On 19 October, Vilė and illustrator R. Jančiauskaitė held a creative workshop.
Books created by Lithuanian artists were included in several exhibitions. Monika Vaicenavičienė’s book Vad är en flod? (What is a River?) was part of the curated exhibition 100 Outstanding Picturebooks, for which the best children’s books of 2018 were selected. This book has already been translated into 12 languages. The illustrator’s new project, together with the British writer Neal Hoskins, My Software Heart, has received recognition in a competition and has been included in a special exposition of publications Unpublished Picturebooks Showcase. The third book exhibition, Walkable Catalogue, allowed visitors to see books created by Kęstutis Kasparavičius, Lina Dūdaitė, Aušra Kiudulaitė, M. Vaicenavičienė and other Lithuanian authors.
Foreign publishers were able to get acquainted with the latest Lithuanian publications, funded through the Translation Grant Programme of the Lithuanian Culture Institute, by visiting the stand of the Lithuanian Publishers’ Association.
The names of Lithuanian writers and illustrators were also included in the catalogues and stands of foreign publishers at the Frankfurt Book Fair. The Mitteldeutscher Verlag publishing house presented the translation of Rimantas Kmita’ novel The Chronicle of the South (Die Chroniken des Südviertels), still fresh from the printing house, which would not have reached German readers without the efforts of translator Markus Roduner and the funding provided by the Institute. The legendary French publishing house Gallimard jeunesse presented pop-up books by Elena Selena, while the stand of the world’s leading publishing house Penguin Random House featured books by Rūta Šepetys and the British publishing house Oneworld presented the translation of Alvydas Šlepikas’ novel In the Shadow of Wolves.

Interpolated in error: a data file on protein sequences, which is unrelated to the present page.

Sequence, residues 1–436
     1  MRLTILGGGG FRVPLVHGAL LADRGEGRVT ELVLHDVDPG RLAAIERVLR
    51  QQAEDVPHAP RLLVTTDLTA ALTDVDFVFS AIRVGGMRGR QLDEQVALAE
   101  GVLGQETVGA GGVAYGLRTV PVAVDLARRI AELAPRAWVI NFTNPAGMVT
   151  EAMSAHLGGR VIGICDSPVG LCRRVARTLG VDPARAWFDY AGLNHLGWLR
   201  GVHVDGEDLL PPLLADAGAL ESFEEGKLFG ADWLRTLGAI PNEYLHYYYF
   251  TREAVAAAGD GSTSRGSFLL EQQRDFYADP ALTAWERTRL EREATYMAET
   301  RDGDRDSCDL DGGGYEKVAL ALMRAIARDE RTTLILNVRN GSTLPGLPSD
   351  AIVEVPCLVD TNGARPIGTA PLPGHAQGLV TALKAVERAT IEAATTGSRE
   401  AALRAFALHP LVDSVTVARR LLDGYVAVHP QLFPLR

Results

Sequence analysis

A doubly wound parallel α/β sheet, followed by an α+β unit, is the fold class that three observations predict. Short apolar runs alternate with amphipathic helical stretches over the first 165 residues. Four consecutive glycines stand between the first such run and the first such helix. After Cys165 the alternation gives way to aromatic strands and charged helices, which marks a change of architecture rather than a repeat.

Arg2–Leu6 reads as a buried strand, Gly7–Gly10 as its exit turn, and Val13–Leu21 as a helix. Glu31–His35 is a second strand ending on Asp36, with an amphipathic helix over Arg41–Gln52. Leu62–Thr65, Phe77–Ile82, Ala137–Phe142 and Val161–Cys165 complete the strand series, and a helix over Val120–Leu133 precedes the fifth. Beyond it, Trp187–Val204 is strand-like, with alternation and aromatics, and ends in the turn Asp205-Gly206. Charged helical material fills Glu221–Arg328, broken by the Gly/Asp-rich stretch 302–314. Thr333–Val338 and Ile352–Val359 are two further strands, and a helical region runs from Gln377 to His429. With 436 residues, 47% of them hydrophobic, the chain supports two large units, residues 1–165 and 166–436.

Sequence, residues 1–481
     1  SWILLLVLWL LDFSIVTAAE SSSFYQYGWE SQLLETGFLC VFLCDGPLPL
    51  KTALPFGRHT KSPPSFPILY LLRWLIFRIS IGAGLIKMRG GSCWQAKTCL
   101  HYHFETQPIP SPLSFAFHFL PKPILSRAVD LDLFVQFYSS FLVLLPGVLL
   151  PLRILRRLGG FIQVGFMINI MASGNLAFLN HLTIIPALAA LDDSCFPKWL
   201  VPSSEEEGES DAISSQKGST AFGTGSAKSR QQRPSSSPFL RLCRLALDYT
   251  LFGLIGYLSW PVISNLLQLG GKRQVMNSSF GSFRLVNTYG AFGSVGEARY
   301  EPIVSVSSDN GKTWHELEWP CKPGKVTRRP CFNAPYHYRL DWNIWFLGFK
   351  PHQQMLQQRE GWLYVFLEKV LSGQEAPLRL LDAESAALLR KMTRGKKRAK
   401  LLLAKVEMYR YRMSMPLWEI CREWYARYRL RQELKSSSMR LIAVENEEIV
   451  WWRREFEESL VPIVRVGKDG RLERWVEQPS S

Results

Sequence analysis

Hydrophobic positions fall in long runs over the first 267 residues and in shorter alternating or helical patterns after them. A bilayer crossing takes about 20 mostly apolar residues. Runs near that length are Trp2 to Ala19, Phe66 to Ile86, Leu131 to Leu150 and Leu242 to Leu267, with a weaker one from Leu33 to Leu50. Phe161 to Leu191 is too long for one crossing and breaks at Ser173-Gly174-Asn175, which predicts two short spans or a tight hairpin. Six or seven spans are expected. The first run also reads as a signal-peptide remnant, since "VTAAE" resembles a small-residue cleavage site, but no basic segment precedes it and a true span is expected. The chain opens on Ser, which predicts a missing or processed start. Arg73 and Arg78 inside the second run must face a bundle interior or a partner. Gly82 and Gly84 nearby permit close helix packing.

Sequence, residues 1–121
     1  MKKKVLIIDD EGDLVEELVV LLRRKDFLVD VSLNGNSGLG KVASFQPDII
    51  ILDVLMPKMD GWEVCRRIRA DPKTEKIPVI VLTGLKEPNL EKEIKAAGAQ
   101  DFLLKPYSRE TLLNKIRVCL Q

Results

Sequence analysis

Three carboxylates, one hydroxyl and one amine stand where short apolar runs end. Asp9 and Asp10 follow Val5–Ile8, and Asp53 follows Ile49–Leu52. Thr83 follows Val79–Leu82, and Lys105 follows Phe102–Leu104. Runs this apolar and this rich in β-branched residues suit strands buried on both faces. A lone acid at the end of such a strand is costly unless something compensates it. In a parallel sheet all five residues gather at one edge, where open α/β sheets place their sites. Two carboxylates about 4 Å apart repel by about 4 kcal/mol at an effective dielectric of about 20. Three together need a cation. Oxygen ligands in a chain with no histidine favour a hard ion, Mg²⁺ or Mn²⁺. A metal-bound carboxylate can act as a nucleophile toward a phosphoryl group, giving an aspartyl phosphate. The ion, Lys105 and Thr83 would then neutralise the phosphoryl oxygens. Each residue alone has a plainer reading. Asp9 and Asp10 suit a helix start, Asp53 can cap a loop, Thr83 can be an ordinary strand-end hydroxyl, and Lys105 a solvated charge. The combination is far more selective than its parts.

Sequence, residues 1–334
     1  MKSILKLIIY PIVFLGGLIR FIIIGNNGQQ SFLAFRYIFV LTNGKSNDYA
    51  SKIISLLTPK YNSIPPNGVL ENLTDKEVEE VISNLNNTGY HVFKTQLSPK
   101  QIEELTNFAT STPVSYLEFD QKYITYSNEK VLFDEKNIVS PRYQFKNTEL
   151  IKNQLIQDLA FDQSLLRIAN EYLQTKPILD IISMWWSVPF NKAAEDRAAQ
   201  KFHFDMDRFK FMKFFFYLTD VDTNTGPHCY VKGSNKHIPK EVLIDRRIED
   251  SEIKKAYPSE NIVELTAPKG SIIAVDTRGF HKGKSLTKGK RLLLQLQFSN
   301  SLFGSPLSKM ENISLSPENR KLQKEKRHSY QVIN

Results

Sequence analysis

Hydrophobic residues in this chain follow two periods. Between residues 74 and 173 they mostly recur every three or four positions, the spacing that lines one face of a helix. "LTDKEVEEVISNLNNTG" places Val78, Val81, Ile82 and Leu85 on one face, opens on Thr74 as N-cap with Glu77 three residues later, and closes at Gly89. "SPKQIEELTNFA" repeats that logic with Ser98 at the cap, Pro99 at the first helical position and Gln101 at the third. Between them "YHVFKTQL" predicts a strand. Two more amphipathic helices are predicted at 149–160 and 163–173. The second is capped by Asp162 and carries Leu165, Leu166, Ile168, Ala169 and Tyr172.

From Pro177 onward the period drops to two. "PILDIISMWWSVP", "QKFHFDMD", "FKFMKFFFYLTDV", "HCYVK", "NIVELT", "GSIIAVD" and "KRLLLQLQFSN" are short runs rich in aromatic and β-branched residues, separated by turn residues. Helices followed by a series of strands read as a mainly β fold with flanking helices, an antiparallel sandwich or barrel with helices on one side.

This autumn, the Lithuanian Culture Institute presented Lithuanian authors not only at the Frankfurt Book Fair but also at other European literary events. In October, readings of Rimantas Kmita’s novel were held at the Zürich liest Festival in Switzerland. Two German cities, Berlin and Leipzig, hosted the launch of the Institute-funded translation of the book of conversations between Irena Veisaitė and Aurimas Švedas “Life Should Be Transparent“ (Ein Jahrhundertleben in Litauen, translated by Claudia Sinnig, published by Wallstein), which also included a discussion with the author. The book Powiedz to w mig by R. Jančiauskaitė, already mentioned here, was presented at the Krakow Book Fair and the Conrad Festival that takes places during the fair. In November, the translation of the graphic novel Siberian haiku by Jurga Vilė and Lina Itagaki will be presented at the Book Fair for Children and Young People in Paris, while a tour of the Italian edition of the book is planned in Italy. “It is a great coincidence that all these books testify to man’s ability to survive in difficult conditions and provide an opportunity to talk about the importance of humanness in the context of today’s political and climate crises. We are delighted to think that the Lithuanian Culture Institute, by supporting the publishing of Lithuanian literature abroad, contributes to the development of humanistic dialogue”, says Aušrinė Žilinskienė about the travels of Lithuanian literature in Europe this autumn.